Case Presentation: An 87-year-old male with a history of atrial fibrillation, a myeloproliferative disorder, and recently diagnosed cirrhosis presented with shortness of breath. He reported three weeks of progressive shortness of breath and weight gain, and on the night prior to admission, he developed fevers and chills. In the ED, he was febrile to 101.6 with a HR of 109. Exam was notable for an irregularly irregular heart rhythm, lungs with diffuse coarse rhonchi and decreased breath sounds at the right lung base, tense abdominal distension and 3+ pitting edema of bilateral lower extremities. Initial labs demonstrated WBC of 6.4 with 16% bands, BUN/Cr of 56/1.75 (baseline creatinine 1.2), and lactate of 2.8. PT and INR were 18.8 and 1.6, respectively. Two sets of blood cultures were sent, and empiric antibiotics were started. CT demonstrated a large right pleural effusion, ascites and splenomegaly.
He underwent a paracentesis and a thoracentesis. The paracentesis demonstrated SBP with gram negative rods on gram stain. The thoracentesis revealed an exudative pleural effusion without growth on gram stain or culture. One of two blood cultures grew Citrobacter braakii resistant to amoxicillin and cefazolin, and the patient’s antibiotics were transitioned to ertapenem. Subsequent blood cultures did not demonstrate growth. The patient had a protracted hospital course due to infection-induced pancytopenia and afib with RVR. After clinical stabilization, the patient and his family elected to pursue hospice in the setting of functional decline.

Discussion: The Citrobacter genus is a group of gram-negative bacilli part of the Enterobacteriaceae family. In addition to colonizing the intestinal tract, Citrobacter species have been shown to cause infections of the urinary tract, abdomen, skin and soft tissue, respiratory tract, CNS, and endovascular system. Although rare, C. braakii has been identified as a pathogenic organism.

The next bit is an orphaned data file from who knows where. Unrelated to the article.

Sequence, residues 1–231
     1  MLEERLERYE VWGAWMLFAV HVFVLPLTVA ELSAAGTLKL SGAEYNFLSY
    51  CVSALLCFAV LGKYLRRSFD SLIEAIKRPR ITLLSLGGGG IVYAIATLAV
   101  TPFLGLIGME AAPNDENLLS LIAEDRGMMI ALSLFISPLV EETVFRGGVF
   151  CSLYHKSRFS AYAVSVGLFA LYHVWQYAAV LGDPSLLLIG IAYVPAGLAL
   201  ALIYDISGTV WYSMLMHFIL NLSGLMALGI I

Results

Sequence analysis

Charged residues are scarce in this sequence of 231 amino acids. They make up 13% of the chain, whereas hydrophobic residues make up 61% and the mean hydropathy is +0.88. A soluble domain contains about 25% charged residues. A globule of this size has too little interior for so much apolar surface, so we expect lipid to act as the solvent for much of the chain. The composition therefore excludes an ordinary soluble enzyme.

Twelve cases of C. braakii have been described with ten of the twelve cases presenting with bacteremia. The remaining cases presented with peritonitis and a periungual abscess. Most patients had at least one primary underlying condition placing them at risk for opportunistic infections, and the most common source of the bacteremia was found to be intra-abdominal. Our patient had multiple comorbidities, which put him at risk for infection including cirrhosis and underlying malignancy.

Although C. braakii infections are uncommon, this may be due in part to the fact that it was only identified in 1993 and previous biochemical testing has been shown to inaccurately identify C. braakii as other Citrobacter species.

Conclusions: C. braakii is a gram-negative bacillus that causes opportunistic infections. Although currently rare, it is important for hospitalists to be aware of this organism especially in the setting of improvements in biochemical testing.